How can I help myself and change my behavior?
I've hit my head on walls and floors ever since I was young. I sometimes still do it but I don't exactly know why,
I have anxiety and I had a rough childhood but now I'll start to hit my head and sometimes not realize it but I don't know how to stop or even why I'm doing it.
How can I help myself to change my behavior?
One step towards change would be to decide why you are hitting your head. Is it a sensory sensation, you like the way it feels, are you trying to “hammer out” thoughts and feelings you do not want to think or feel? Also consider other ways to alleviate that desire, the feeling, the result you get from banging your head. Perhaps every time, you do not hit your head you give yourself some micro reward. Also when you do hit your head, you could find an activity that would deter you. Working with a therapist or counselor who has knowledge of behavior modifications.
When I am helping clients work in this area there are many helpful steps toward extinguishing a behavior.
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It must be painful to do this behavior. Something is causing your pain. I know that’s staring the obvious. But taking a step back. Taking some deep breaths might allow you to determine what’s underlying your need to self harm. If you feel you have to harm yourself then a technique is to hold an ice cube. The cold will divert your attention away from your emotional pain.
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Cognitive Behavioral Therapy has been shown over the years to be effective at helping people recognize and change their behaviors. But, as much potential as therapy has for every individual, some people seem to have the keys to successful therapy while others don’t.
Some of this stems from what the individuals’ expectations were going into therapy. Some from how much effort they gave, and others from whether or not there was a good personality fit between patient and therapist.
For therapy to be successful, you MUST be realistic about the process. It is not linear, and it is not quick. This is particularly true if you are dealing with complex, long-term problems. This doesn’t mean you can expect to be in therapy for the rest of your life or even many, many years. It simply means you must appreciate the reality of what you can expect and how quickly.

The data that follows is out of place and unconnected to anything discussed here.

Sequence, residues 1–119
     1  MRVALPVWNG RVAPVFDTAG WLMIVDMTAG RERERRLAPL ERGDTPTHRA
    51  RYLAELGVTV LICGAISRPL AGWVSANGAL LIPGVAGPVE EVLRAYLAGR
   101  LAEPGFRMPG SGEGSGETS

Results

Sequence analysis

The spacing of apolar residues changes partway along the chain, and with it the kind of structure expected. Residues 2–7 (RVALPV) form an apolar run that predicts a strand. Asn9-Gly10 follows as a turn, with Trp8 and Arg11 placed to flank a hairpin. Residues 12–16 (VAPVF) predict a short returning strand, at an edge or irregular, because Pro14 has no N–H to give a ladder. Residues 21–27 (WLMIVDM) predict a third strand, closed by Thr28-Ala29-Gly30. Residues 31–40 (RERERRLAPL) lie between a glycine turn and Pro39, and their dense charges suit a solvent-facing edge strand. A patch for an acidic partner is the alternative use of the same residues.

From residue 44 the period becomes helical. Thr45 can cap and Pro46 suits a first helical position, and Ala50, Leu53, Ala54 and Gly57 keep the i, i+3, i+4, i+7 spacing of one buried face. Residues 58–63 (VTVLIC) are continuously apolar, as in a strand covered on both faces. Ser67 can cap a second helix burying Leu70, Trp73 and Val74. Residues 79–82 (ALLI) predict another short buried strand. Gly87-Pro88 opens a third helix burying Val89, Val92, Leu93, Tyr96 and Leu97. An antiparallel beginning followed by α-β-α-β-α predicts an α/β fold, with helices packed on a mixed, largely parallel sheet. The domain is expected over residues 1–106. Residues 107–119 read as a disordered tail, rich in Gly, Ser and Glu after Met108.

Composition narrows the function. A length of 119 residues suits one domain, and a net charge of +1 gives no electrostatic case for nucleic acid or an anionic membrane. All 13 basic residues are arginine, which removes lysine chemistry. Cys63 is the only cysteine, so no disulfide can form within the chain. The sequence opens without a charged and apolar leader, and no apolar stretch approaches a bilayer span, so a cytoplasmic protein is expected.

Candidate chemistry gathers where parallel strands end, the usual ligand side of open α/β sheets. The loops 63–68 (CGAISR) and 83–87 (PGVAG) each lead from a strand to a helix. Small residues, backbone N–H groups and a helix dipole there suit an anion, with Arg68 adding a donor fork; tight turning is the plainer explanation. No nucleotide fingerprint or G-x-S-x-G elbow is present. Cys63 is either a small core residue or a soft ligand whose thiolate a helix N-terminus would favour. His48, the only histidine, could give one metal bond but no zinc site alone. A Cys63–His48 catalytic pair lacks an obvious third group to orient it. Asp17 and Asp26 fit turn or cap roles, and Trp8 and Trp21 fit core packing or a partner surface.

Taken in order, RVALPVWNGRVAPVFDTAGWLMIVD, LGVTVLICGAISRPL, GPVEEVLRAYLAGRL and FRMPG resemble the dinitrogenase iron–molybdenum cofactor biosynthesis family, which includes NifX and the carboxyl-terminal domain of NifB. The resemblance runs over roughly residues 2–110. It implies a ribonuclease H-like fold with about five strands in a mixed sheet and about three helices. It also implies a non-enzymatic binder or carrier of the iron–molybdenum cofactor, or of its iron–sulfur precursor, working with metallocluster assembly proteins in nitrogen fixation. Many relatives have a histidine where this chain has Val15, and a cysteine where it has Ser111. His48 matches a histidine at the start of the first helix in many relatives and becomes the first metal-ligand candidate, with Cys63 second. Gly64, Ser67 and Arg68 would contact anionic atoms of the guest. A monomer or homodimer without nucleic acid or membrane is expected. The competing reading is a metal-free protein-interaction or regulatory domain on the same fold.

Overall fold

If you are interested in exploring treatment options, please get in touch with us. We'd be happy to discuss how we may be able to help during a free phone consultation. Fill out the form below to get started. Not quite ready? Read more about Cognitive Behavioral Therapy here.
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Give yourself a lot of empathy and care for having had a rough childhood and realizing that life can be better than how you were treated when growing up.
Be patient with yourself too bc lasting change takes time.
Alternatives to hitting your head require constant gentle reminders to do these new behaviors, or if you've discovered a satisfying alternative in one moment, time is required for you to repeat this alternative until it feels natural.
Anxiety usually means someone did not feel well understood growing up and was rushed to comply with the wishes of others who were a regular part of their lives.
Anxiety lessens as the person starts to know and accept their wishes and needs as valid. Allow yourself to learn who you truly are in the spirit of accepting whatever you discover about yourself.
The behaviors will naturally change with your new understanding and self acceptance.
Good luck and enjoy this self discovery project!